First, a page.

Still, the slug that made it into Delray Beach’s drinking water on March 27 may have helped to bring attention to maintenance and operational issues plaguing Delray Beach’s aging water plant — which has not seen a major upgrade since the early 1990s.
Correspondence between members of the city’s Utilities Department and county health officials responsible for ensuring state regulations for safe drinking water are followed, as well as internal city documents, detail how a series of malfunctions and missteps led to the unwanted release of sediment in March.
These documents, along with reports filed by health inspectors, highlight maintenance issues that likely contributed to the release of the discolored water. These issues were a concern to regulators.
Since the appearance of the slug, the city has taken a series of steps to address a variety of issues, including long overdue cleaning or the scheduling of cleaning of groundwater storage tanks and repairing malfunctioning equipment.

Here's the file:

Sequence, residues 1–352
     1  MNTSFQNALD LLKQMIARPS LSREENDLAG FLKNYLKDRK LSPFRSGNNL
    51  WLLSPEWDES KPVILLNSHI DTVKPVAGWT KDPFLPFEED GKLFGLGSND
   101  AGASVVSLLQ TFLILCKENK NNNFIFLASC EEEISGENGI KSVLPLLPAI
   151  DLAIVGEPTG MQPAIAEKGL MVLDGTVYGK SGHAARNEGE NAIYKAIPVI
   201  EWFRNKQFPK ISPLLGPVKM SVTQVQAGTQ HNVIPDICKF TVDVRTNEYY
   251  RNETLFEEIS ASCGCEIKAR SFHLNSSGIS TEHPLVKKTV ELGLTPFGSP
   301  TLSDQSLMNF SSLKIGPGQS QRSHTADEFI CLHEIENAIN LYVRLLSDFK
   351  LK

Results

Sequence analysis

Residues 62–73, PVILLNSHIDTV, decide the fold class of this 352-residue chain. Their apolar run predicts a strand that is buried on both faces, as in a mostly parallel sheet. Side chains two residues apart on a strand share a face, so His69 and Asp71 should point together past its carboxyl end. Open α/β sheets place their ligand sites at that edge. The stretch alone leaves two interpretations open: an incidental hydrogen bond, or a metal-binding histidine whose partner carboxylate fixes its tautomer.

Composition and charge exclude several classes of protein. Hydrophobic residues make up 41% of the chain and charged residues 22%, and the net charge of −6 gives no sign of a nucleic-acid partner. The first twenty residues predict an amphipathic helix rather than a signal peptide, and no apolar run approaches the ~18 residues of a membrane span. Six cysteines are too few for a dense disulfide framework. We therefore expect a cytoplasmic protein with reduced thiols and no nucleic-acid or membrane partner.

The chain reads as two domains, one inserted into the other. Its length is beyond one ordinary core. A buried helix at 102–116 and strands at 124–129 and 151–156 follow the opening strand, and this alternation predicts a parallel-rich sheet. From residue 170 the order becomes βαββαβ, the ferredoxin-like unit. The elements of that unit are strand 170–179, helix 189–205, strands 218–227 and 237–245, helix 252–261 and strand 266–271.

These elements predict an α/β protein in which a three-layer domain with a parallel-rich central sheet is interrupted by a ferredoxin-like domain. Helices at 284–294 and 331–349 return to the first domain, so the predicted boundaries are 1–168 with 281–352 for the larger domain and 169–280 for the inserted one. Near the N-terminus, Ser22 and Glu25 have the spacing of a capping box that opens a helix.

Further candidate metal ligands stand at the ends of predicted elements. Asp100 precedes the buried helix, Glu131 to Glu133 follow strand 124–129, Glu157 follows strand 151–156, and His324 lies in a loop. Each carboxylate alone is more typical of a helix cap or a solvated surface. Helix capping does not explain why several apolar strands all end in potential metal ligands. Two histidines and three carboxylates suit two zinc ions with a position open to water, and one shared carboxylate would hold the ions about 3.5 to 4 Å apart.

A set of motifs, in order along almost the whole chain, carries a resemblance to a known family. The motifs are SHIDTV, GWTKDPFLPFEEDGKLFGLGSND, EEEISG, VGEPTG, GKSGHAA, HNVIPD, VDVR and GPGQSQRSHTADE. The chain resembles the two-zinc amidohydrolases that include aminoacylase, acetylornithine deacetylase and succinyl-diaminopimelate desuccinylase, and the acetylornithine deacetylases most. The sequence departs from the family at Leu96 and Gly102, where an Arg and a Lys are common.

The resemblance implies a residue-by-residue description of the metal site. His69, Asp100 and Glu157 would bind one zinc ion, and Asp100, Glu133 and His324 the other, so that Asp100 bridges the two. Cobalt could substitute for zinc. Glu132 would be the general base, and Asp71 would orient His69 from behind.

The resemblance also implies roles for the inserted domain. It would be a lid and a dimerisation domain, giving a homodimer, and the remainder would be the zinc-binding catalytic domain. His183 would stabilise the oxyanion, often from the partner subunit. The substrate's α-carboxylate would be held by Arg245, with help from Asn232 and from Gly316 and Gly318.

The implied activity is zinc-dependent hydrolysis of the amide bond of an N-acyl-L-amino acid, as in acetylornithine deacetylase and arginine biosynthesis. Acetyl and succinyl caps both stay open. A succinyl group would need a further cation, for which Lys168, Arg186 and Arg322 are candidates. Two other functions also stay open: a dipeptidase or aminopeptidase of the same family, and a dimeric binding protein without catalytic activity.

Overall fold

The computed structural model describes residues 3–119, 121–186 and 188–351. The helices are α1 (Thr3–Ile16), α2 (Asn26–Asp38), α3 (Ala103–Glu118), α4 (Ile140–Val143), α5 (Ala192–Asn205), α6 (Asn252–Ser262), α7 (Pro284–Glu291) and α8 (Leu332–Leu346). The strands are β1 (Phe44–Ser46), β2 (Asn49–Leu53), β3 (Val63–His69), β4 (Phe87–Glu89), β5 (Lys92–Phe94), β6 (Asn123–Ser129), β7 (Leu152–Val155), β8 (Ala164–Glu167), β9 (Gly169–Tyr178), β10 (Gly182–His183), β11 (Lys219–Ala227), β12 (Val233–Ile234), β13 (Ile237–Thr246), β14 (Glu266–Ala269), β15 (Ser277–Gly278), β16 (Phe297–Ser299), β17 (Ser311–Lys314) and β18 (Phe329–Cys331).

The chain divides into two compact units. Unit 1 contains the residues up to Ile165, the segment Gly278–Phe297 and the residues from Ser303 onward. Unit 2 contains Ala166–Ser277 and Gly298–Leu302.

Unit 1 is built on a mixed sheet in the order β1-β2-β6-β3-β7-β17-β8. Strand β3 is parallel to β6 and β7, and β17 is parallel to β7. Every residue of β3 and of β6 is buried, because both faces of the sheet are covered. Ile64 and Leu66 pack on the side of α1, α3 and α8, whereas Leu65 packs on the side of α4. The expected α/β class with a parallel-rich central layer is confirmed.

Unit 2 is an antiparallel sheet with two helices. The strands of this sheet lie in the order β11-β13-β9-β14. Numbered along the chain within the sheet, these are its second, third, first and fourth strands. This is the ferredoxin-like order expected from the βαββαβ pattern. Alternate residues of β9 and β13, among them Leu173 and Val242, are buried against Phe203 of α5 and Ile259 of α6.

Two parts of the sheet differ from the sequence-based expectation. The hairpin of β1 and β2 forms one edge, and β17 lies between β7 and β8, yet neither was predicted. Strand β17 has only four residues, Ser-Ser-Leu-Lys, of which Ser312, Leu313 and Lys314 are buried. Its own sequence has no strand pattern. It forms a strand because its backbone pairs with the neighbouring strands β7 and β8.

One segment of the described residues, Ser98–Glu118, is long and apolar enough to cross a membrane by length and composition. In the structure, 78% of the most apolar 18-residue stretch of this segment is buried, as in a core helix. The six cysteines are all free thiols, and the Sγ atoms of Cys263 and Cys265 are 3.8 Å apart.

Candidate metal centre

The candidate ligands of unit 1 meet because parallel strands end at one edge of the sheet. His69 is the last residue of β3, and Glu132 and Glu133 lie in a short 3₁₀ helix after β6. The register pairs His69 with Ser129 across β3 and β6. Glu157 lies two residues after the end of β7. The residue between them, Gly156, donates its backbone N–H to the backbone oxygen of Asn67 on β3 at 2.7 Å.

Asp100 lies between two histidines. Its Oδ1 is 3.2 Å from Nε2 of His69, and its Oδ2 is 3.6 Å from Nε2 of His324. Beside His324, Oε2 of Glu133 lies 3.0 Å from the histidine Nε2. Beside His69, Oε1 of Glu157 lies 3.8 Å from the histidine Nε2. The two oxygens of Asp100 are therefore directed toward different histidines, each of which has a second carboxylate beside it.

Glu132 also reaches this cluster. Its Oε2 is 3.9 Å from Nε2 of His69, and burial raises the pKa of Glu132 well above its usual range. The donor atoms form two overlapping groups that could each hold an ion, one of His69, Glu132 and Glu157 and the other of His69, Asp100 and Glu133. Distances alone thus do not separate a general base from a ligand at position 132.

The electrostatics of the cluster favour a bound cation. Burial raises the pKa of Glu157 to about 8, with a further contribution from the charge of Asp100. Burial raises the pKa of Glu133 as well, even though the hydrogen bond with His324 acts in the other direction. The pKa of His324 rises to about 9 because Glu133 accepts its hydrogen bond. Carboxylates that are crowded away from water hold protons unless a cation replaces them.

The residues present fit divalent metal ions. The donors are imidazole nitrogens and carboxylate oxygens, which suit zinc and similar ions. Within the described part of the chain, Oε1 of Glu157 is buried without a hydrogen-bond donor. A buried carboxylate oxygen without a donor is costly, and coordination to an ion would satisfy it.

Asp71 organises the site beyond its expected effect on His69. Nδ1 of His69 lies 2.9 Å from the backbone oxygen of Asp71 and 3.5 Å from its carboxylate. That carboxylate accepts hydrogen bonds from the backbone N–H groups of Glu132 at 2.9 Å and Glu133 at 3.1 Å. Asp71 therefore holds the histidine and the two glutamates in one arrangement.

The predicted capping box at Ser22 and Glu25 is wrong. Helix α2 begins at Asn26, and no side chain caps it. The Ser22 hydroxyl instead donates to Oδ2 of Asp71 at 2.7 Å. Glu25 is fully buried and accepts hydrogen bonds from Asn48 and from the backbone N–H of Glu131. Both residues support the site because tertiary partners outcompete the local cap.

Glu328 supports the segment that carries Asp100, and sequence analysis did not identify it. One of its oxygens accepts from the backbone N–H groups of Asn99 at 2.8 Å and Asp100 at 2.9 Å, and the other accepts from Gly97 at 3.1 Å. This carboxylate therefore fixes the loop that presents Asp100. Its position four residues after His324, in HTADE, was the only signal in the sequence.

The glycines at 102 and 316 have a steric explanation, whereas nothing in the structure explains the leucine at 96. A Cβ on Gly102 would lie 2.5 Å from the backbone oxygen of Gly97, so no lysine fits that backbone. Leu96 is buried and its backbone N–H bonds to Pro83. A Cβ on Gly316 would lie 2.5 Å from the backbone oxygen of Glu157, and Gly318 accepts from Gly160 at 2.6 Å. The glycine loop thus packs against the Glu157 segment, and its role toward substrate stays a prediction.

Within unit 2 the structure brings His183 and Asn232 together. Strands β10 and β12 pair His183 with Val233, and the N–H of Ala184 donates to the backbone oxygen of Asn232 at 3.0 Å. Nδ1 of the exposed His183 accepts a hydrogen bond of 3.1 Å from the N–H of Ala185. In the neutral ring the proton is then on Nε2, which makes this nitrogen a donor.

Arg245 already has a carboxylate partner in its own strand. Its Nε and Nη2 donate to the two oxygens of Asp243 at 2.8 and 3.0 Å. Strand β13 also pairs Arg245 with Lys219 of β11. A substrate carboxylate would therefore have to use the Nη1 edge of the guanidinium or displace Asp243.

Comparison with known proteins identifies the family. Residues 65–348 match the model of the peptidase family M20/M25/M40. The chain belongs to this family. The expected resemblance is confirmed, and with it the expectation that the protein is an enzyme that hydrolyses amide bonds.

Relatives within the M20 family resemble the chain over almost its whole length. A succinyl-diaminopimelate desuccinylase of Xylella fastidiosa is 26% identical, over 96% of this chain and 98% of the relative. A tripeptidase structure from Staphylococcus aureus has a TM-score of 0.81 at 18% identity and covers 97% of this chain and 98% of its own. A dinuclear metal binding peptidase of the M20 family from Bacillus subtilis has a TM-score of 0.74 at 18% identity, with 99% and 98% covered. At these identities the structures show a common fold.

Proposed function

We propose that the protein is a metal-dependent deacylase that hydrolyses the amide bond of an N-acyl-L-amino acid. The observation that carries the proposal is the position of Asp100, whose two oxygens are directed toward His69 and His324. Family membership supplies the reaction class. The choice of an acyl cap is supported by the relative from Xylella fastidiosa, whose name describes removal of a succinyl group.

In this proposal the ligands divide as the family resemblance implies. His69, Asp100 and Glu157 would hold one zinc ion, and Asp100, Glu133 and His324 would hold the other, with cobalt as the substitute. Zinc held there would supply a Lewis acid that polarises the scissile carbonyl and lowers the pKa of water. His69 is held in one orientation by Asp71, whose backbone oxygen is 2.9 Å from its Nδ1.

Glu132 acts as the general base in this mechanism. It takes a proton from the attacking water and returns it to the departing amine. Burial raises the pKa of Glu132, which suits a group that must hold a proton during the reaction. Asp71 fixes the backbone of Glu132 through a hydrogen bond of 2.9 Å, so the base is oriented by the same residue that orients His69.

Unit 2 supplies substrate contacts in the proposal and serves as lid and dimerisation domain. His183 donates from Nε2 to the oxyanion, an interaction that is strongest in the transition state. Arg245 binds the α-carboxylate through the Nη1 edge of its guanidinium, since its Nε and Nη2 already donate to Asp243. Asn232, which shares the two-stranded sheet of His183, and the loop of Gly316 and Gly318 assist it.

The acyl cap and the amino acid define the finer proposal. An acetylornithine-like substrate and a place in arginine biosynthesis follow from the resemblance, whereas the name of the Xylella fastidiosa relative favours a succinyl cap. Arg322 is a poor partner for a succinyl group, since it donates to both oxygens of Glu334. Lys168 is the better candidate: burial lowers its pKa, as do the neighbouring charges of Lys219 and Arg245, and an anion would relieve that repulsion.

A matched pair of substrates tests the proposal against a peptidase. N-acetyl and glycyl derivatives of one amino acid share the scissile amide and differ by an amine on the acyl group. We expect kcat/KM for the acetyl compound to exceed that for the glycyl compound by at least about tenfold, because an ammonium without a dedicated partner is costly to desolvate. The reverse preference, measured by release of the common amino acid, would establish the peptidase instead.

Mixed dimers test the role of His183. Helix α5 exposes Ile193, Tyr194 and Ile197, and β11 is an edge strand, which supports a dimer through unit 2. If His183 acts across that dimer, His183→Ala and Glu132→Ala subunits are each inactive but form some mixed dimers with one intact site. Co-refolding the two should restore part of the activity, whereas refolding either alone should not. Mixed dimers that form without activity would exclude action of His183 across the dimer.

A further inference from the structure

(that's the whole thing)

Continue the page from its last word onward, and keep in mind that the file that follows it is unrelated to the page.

In June, Hassan Hadjimiry came on board as Delray Beach’s utilities director, filling a spot that had been vacant for 14 months since the departure of Marjorie Craig in April 2019.
Hadjimiry, who had been deputy director for the Palm Beach County Water Utilities Department, is well respected by utility directors in Delray Beach’s neighboring communities.
With the departure earlier this year of the water plant manager and a supervisor, one of the city’s deputy directors of utilities has been given expanded oversight of the plant’s day-to-day operations.
“We’re watching the plant much, much more than ever before,” says Hadjimiry.